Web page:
Monday, October 01, 2007

In the Heat of Mocking a Killing Bird

Used to be things were black and white: ice cream sodas, ideas, and race relations. Last night I caught the tail end of David and Lisa. The TCM channel was doing a Keir Dullea retrospective – 2001: A Space Odyssey came on next. This morning I read some brief reviews about the film online and I was surprised. The reviews characterize the movie as a love story and a study in mental illness. Perhaps I’m jaded, thinking about One Flew Over the Cuckoo’s Nest in the same genre. But to me, David and Lisa is plainly an allegory. David didn’t want to be touched – he thought he could remain safe if everyone kept their distance. This is a perfect metaphor for the upwardly mobile middle class distancing themselves from the rest of the world. David blamed his parents for his predicament. This happened earlier in the film, before I turned it on. It serves as a strong indictment that we don’t prepare ourselves or our children for living in the real world when we take a gated community approach to life. Lisa lived in a sing-song universe (I’ve been known to do likewise). She constructed her own reality, a more pleasant place. The movie ends with both of them leaving their comfort zones – Lisa, having spoken a regular sentence, takes David’s extended hand. The message is that we can confront reality, hard as it may be, if we do it together.

Keir Dullea and Janet Margolin are both beautiful to watch in this film. Dullea displays elegance and tension in a single look. At the end of the film he puts the tension aside. He becomes human, caring, outward looking, with genuine concern for Lisa’s well being. Margolin has wonderful eyes, an empathy in her look, her running away a sign she has been hurt badly. The film is so good because it takes on such tough issues and yet does so with delicacy and touch.

I led off with it, on a banal level because it was shot in black and white, on a more serious plane because it reminds that we need to break through our shells and confront the serious issues of the day. This is a post about one of those serious issues – race and what, if anything, does learning technology have to say about it. It’s not an issue I talk about nor do I write about it, even occasionally. I’m more than a bit out of my comfort zone in this post. So I need a way to warm to the subject. Leading off with the film and book references is my mechanism for doing that.

Race is not an issue that should be depicted with delicacy. The resulting violence certainly conjures up a different set of emotions, a sense of assault, a feeling of horror, and fear, lots of fear. The first movie I recall that gave us all of that was In the Heat of the Night. Where David and Lisa is delicate, In the Heat of the Night is raw. Both speak to a possibility that we might work together. But they come at that possibility so differently, one to heal the hurt they brought on themselves, the other to ward off the demons of Southern White racism.

Harper Lee’s novel, reading de rigueur when I was a young teen, bridges both worlds. Ironically, mental illness has a role to play in her story, not as a window into the craziness of the real world, but rather in the character of Boo Radley, who could love the Finch children from afar, creating the mysterious presence of an adoring stranger, and ultimately serving as their protector against the vengeful violence of Bob Ewell, who was fueled both by racial hatred and a strong sense of inferiority that comes from being “poor white trash.” The film version has iconic status in the minds of many. For years, I wanted to wear tortoise shell eyeglasses, to imitate Gregory Peck as Atticus Finch in the film.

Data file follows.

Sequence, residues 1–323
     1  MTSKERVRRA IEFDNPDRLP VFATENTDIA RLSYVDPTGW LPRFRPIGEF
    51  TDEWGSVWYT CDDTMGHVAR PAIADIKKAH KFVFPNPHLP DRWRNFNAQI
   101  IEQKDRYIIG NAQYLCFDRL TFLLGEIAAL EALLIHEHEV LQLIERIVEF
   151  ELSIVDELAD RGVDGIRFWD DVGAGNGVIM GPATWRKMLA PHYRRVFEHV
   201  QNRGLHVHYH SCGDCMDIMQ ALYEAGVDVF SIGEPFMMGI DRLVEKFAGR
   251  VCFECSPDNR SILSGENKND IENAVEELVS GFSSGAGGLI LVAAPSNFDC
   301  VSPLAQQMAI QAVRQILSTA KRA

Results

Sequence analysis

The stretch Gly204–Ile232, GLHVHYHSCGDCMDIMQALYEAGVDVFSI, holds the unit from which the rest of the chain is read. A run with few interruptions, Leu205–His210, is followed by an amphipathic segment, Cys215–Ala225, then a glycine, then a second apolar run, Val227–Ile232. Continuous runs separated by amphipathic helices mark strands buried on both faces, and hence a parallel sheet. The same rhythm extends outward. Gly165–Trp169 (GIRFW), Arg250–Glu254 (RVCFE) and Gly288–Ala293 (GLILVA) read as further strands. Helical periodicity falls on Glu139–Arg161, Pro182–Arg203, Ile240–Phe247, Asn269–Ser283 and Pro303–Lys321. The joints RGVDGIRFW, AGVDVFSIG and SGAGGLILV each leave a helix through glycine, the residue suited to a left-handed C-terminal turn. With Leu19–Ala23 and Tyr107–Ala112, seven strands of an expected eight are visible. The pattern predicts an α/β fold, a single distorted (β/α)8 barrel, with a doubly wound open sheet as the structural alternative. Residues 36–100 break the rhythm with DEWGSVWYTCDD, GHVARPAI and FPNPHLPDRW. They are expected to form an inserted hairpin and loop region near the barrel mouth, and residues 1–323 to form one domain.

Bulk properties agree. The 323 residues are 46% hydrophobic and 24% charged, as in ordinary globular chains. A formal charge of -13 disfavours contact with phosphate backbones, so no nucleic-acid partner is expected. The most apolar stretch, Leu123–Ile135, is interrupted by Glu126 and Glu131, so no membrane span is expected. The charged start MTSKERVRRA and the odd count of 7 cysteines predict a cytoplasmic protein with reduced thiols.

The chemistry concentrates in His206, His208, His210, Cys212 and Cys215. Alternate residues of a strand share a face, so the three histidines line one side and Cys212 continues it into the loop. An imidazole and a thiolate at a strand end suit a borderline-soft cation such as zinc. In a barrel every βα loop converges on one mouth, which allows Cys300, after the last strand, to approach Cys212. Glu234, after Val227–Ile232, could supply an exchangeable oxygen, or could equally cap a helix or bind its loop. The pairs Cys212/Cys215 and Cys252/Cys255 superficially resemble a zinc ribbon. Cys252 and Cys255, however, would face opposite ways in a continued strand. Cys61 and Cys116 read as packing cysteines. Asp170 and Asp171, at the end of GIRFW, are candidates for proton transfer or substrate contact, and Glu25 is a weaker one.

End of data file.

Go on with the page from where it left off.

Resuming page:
Indeed, the film embedded perhaps the most important message of ‘60s with regard to race – with understanding and respect for our fellow humans we could put race issues behind us, a critical example of the more general lesson, time heals all wounds. A few year later, in college, I “was taught” the mechanism by which the healing takes place. The racists die off. Their children take on the understanding of Atticus Finch rather than the hatred of their own forebears. This is the hopeful approach to both multiculturalism and pluralism, should it only be true. Part of the lie in the lesson is in ourselves, not just in the progeny of the Bob Ewell’s of the world. We don’t have the Atticus Finch commitment to right the wrong. We’re back in the David and Lisa world, trying to keep reality from touching us. I’m ready now to address my subject and I’ll begin with my own experience.

* * * * *

As a learning technologist, I had one episode where race was explicitly an issue. I’m not sure of the exact date. It must have been 2000 or 2001. There was a graduate student with whom I interacted who had been doing a study on digital divide among our students, with the Whites in the have category and the Black and Latino/a students in the have not category. The issue was about whether a student was under a serious disadvantage if he didn’t have a computer in his dorm room or place of residence, but had to rely on a computer lab instead for access. And the related set of issues is whether this created more cultural distance between the students as there are a host of related literacies that develop as a consequence of always on computer access.

So it occurred to me on my own (and there was one African American University administrator pushing this theme) that perhaps we should do a like study among the faculty, to see if there was a digital divide among that population. I consulted with one Black faculty member who had some prior experience as a Campus administrator and whom I knew via a summer workshop I had headed up. He thought it was a reasonable idea to investigate. I can’t recall whether he suggested this or if the idea cam from elsewhere, but soon thereafter I had a meeting with the heads of the African American Studies program, Latina/Latino Studies program, and Asian American Studies program, to talk about doing a study on digital divide among the faculty.